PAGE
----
The reader is encouraged to make his own choice from these three detailed courses of action. Some might accuse Bremmer of taking a Goldilocks approach, one too cold and one too hot and one just right. But he does not stop with just the three options, and concludes with a surprising recommendation: it’s time for Independent America. But this is an evasive hope. We cannot escape the world’s problems by turning inward. We may not be a small global village in a world getting increasingly smaller, as suggested by Professor Patrick Porter of Exeter University, but we do have interests outside our shores. Retreat (there is no other word for it), is a false option. Rather than enhancing our security, this option of turning inward would eventually undercut America’s security and prosperity. We’ve made that mistake before, in the 1930s, and we all paid a price for it.

The Moneyball approach may be too constraining. The Powell doctrine’s questions are useful questions for policymakers contemplating an intervention, but they are not principles for grand strategy. Given the Powell doctrine’s inflexible criteria for action and complexity of modern threats, its rigid conditions may prove increasingly impossible to satisfy. Even when the criteria justify military action, the threat may require a different degree of force than decisive, in-and-out oriented force. Moreover, Bremmer’s proposed abandonment of historic partners like Japan and NATO may undermine trust, impede future partnering efforts, or drive old allies towards U.S. rivals.

Nor is Indispensable America a sustainable strategy, without substantial alteration of U.S. domestic priorities.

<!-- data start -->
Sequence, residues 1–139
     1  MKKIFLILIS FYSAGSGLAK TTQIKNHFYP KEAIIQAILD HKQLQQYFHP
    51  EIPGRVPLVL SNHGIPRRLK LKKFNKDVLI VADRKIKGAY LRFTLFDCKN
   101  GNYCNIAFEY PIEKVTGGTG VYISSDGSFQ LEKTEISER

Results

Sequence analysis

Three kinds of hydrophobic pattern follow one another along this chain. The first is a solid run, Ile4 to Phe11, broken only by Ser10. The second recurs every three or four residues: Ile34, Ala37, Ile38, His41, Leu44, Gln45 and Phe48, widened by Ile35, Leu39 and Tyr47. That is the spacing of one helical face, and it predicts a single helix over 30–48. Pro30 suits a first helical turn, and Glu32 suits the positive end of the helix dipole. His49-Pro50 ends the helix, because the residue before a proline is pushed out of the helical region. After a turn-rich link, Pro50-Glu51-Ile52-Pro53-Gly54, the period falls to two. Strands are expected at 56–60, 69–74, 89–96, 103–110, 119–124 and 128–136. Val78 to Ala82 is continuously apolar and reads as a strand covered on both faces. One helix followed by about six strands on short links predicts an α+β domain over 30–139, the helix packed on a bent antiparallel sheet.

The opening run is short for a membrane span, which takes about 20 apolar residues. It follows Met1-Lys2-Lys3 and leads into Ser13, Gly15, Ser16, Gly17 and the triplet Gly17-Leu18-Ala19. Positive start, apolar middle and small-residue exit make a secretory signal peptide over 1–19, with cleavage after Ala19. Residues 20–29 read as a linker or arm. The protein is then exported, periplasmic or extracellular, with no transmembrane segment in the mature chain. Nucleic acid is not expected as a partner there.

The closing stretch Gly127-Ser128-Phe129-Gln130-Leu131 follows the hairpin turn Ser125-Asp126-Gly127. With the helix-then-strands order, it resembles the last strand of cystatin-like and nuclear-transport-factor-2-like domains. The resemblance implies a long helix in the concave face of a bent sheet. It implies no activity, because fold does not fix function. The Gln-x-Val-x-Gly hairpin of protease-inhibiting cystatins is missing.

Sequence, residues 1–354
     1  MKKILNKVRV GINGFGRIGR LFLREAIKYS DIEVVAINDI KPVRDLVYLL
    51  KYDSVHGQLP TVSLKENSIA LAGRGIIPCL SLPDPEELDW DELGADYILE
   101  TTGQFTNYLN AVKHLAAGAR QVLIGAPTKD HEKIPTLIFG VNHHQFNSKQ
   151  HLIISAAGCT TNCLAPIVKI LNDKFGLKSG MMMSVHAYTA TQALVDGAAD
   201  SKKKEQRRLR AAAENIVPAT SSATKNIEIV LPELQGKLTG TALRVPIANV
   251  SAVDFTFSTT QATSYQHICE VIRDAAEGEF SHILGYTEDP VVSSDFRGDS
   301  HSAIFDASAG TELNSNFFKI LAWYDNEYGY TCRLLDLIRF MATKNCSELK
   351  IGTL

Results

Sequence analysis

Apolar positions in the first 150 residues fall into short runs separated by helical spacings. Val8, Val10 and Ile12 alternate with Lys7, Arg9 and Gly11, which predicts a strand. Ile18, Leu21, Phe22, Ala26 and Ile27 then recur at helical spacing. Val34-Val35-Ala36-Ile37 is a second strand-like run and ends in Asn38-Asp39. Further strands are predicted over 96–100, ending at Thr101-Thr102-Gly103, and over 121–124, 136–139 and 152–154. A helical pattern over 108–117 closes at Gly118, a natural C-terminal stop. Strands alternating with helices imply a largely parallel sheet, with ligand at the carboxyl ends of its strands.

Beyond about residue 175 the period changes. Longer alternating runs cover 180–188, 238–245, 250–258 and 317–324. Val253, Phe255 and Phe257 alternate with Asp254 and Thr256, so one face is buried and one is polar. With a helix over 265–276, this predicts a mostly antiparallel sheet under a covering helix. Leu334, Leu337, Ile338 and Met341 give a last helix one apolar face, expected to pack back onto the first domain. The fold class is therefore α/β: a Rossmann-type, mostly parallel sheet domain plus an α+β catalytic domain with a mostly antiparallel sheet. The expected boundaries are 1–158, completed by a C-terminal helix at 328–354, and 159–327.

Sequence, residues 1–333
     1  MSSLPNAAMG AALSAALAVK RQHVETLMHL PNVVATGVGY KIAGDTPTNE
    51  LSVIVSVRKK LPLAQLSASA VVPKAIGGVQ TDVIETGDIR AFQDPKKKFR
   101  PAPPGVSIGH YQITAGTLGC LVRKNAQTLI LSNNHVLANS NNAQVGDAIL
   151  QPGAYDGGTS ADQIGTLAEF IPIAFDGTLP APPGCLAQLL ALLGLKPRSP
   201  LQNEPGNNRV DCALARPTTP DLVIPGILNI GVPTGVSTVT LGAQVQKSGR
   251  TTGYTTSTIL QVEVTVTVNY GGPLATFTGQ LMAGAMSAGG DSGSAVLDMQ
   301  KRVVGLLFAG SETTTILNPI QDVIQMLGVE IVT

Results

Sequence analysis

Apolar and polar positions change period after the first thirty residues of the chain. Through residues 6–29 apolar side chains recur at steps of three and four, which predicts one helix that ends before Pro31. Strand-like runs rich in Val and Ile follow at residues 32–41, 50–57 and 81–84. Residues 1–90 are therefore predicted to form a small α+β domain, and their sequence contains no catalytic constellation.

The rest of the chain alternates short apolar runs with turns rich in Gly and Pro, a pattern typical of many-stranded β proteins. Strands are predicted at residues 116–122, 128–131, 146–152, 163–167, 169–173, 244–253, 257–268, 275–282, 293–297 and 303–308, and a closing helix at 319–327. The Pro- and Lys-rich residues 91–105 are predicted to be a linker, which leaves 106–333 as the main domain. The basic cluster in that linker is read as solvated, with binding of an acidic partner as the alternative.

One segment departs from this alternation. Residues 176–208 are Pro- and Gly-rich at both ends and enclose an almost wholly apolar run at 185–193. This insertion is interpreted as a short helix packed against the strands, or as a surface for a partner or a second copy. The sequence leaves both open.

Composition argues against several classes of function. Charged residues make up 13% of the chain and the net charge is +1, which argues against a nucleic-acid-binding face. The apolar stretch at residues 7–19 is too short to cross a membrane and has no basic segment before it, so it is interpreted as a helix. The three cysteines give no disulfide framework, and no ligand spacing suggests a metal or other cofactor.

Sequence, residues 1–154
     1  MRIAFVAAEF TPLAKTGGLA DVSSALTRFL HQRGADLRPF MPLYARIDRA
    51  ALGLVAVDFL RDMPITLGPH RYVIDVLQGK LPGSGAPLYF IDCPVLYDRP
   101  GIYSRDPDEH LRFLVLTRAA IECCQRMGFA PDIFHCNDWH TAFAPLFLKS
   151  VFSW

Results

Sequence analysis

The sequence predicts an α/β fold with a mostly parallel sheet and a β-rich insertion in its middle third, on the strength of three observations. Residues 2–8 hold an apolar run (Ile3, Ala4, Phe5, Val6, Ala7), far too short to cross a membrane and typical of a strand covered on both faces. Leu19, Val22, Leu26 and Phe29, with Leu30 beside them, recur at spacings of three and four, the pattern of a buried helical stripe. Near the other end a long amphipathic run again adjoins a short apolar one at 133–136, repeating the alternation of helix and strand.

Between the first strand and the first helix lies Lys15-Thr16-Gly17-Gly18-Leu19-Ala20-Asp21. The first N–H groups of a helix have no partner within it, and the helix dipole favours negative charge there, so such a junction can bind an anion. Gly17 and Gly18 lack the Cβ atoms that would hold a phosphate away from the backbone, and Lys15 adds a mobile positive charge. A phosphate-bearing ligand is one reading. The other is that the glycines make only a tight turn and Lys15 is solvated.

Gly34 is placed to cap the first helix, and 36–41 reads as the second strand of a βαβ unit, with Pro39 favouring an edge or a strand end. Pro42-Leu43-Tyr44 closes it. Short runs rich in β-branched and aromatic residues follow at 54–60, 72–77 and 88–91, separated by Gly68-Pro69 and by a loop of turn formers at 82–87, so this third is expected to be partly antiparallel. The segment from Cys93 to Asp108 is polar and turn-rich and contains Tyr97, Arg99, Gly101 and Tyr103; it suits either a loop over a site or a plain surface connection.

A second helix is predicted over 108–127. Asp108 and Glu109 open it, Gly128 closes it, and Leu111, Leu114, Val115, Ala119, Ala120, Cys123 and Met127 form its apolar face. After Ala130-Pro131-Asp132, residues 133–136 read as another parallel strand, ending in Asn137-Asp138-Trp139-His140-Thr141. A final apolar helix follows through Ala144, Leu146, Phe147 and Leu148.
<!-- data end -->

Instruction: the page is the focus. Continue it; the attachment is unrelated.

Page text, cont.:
We offer a fourth option to Bremmer’s solo Solarium. Instead of futilely seeking autarky, applying the cold calculations of Moneyball, or lusting for dominance, the United States should think about America the Discriminate Power. This is a disciplined strategy, with specific tradeoffs among the instruments of national power, and detailed ideas about how to maximize our security for the resources we appear to be willing to allocate to our foreign policy and national security. Overall, we must be more deliberate and more discriminate about which aggressors and which threats we take on.

Unlike Moneyball, Discriminate Power is not short-term or merely transactional in character. Nor does it dump our traditional allies in favor of the illusion of strategic independence. Rather than deep engagement on a global level, it seeks Selective Engagement and focused security investments that defend core U.S. interests. As Bremmer himself noted in one chapter: “Americans cannot solve every problem, but this does not excuse us from the responsibility to solve the ones we can, for our own benefit and for the world. We can’t hold ourselves above and apart from others.”

The real option will be exposed to the sunlight of the upcoming electoral process. No doubt, domestic policy considerations will dominate the 2016 debates — they usually do. Hopefully there will be bandwidth to debate what role America desires to play in the world, and how it might go about securing this nation’s interests in a dynamic and multipolar context. Bremmer’s exercise is an extremely useful test of the basic questions we should be prepared to ask our presidential candidates. Anyone interested in America’s future, or anyone working for a candidate’s foreign policy team, should find at least one chapter in Superpower of great interest.


Frank Hoffman is a Senior Research Fellow at the National Defense University, a member of the Board of Advisors at the Foreign Policy Research Institute, and a Contributing Editor at War on the Rocks. Ryan Neuhard is a student at the College of William and Mary, and currently serving as a research intern at NDU. These remarks are their own and do not reflect official DOD or U.S. government positions or policy.


Photo credit: The U.S. Army